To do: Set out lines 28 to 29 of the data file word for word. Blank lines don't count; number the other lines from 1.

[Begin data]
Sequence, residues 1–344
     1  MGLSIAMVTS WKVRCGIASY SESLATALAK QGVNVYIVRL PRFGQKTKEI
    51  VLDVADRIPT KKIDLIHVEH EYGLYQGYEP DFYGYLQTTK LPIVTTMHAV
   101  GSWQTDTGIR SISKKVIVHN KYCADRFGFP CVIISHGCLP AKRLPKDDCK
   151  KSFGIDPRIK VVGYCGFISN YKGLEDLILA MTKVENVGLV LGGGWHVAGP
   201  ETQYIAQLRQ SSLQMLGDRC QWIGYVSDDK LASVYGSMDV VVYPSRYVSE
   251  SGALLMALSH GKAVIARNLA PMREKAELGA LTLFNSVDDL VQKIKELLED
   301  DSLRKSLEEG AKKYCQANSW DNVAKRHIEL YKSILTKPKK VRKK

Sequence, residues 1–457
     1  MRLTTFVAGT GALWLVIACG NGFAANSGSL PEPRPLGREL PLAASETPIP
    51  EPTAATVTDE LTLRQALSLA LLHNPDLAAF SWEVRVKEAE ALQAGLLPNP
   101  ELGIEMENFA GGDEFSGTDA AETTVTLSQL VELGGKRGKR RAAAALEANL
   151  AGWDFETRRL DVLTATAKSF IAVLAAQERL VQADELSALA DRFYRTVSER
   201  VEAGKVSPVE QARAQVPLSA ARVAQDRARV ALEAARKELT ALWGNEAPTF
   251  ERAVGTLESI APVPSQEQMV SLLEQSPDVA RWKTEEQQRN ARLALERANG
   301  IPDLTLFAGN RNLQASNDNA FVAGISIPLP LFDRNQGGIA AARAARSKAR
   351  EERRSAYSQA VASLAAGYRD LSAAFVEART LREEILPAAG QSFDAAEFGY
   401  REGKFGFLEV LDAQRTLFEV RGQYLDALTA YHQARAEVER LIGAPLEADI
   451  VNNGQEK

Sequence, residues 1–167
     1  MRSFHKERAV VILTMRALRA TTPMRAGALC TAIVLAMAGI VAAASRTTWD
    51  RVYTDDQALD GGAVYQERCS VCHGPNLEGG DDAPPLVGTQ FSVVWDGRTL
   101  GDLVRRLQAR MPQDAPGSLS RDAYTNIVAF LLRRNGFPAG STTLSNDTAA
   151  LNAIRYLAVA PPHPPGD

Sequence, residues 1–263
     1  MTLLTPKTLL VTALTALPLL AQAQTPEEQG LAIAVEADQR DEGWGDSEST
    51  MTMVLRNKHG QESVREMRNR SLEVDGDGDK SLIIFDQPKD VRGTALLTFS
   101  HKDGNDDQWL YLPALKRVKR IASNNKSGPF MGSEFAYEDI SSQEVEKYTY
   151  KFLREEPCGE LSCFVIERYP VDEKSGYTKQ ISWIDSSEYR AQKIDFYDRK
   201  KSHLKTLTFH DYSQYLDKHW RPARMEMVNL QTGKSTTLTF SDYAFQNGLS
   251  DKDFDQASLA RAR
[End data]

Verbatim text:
   101  HKDGNDDQWL YLPALKRVKR IASNNKSGPF MGSEFAYEDI SSQEVEKYTY
   151  KFLREEPCGE LSCFVIERYP VDEKSGYTKQ ISWIDSSEYR AQKIDFYDRK